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Did Putin Sell Tehran to Trump?

What to think of the Helsinki Summit

Sunday 5 August 2018, by Nazar TAMASHEVSKA

In the past, in relation with Iran, the Russians have repeatedly bargained their protégés (Mohamad-Ali Shah in 1909, Kuchak Khan in Guilan in 1922, Pishevari in Azerbaijan in 1946) against concessions more strategic in their eyes. Without a doubt, the Caucasus and Ukraine are more important for the military and economic security of Russia than Iran. Did Putin sell Tehran to Trump? A number of elements seem to confirm this.

No communiqué was issued following the Trump-Putin summit in Helsinki, leaving the field open for speculation. However, in the two leaders’ joint press conference and subsequent interviews and briefings, the outlines of some agreements emerged, especially concerning Syria.

Helsinki Pub
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Satrapia)

Both leaders’ remarks hinted that the civil war in Syria was coming to an end, although Putin insisted on the need to crush terrorists in south-west Syria while keeping the forces of Syria and Israel separated. Even though he made no reference to the future status of Iranian troops inside Syria, Trump declared the “United States will not allow Iran to benefit from our successful campaign against ISIS”. Earlier, he had emphasised during a May 17 meeting with Bashar al-Assad in Sochi that all “foreign armed forces will be withdrawn from the territory of the Syrian Arab Republic”.

Meanwhile, quiet discreetly, Iranian-backed troops retreated from their positions in Golan to stay 85&km away from Israeli-Syrian border, a move confirmed by Putin’s special envoy to Syria Alexander Lavrentiev who stated: “As we took into account the Israeli concerns, we managed to attain the pullout of Iranian units 85 km from the Israeli-(Syrian) border”. Lavrentiev’s announcement comes a day after Russia’s ambassador to Israel Anatoly Viktorov firmly declaring that the border area would be free of Iranian presence.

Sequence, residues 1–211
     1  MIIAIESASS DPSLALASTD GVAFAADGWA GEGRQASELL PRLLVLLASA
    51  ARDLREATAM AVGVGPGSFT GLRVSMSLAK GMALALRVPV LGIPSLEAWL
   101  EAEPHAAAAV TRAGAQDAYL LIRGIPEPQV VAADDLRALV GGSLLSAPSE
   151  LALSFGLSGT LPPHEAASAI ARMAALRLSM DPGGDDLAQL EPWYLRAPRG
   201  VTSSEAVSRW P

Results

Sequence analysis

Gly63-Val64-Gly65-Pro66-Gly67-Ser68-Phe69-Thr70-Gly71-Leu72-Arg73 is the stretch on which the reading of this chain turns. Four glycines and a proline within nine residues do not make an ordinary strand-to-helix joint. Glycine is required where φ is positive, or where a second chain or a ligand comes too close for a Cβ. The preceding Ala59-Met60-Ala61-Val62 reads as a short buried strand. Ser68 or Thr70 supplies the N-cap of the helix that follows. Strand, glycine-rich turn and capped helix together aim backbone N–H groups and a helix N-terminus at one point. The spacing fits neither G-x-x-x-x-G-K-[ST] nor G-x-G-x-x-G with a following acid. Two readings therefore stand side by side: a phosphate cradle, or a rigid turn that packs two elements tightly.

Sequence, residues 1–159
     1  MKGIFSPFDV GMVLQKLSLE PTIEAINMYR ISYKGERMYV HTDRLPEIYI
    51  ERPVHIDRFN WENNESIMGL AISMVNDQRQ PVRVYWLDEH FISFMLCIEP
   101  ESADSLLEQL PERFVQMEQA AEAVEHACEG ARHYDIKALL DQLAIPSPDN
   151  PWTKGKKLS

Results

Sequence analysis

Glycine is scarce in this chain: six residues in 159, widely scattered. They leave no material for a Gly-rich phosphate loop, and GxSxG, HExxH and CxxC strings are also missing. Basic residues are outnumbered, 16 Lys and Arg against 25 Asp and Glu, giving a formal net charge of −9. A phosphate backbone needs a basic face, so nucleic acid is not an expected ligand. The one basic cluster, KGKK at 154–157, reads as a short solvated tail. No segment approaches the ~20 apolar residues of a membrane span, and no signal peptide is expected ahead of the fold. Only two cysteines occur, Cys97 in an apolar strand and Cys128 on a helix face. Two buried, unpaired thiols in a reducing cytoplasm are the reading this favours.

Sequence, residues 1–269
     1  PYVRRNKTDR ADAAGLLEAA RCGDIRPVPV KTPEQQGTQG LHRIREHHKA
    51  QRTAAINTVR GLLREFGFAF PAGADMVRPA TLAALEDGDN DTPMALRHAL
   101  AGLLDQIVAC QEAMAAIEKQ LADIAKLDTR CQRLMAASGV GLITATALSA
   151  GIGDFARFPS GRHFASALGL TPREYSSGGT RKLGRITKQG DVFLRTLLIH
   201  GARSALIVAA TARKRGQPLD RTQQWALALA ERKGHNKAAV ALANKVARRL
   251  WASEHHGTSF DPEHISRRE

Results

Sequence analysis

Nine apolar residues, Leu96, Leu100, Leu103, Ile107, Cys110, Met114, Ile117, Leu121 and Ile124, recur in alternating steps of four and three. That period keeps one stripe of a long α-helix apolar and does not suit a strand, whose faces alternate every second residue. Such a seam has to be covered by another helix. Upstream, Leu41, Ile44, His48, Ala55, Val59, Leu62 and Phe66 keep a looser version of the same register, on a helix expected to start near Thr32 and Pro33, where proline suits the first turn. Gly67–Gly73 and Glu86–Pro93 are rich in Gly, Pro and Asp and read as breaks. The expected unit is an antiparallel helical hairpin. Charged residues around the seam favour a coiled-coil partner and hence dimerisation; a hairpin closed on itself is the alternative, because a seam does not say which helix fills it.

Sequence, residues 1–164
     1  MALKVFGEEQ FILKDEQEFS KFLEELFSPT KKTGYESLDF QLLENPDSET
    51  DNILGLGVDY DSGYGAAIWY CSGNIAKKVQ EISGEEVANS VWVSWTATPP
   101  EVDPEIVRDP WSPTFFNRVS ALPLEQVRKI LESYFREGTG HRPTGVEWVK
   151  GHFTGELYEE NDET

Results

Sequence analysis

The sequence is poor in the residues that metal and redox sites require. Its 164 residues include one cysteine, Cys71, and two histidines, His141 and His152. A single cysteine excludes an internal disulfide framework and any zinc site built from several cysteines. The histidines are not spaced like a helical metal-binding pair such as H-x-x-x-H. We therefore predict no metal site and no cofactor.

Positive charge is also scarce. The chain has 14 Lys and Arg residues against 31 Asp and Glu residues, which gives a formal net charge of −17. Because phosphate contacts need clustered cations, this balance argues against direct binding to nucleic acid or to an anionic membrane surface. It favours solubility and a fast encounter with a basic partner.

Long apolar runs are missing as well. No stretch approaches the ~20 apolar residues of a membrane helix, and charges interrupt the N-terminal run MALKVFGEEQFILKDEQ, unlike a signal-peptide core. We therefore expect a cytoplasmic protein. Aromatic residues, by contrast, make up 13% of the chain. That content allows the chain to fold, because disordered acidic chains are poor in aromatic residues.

Putin went further by suggesting the merge of the Astana talks — Iran, Russia, and Syria — with the “small group” — France, Britain, Germany, Jordan, the US and Saudi Arabia — something that the French president, Emmanuel Macron, has sought for more than a year.

Trump’s announcement that he is willing to talk to Iranian President Rouhani took many by surprise and reinforced the impression that the American President had got some advantages in his negotiations with Putin. Even though Rouhani rejected the offer, his advisor Hamid Aboutalebi keep the door open by suggesting that Mr. Rouhani would be willing to meet Mr. Trump if he demonstrated “respect for the great nation of Iran”, and reduced his hostility towards the Islamic republic.

For its popularity, it would help Rouhani if he negotiated with the Americans. Indeed, the most pro-American people in the Middle East are Iranians. Young Iranians are the most moderate people in the Muslim world. They have grown frustrated by the political and economic constraints that have kept them from achieving success. Many, if not most, want to immigrate to North America. Above all, they want their country to be anchored to the Western world in general and the United States in particular.

September is likely to be full of surprises. Let’s bet on a reversal of the situation. ■

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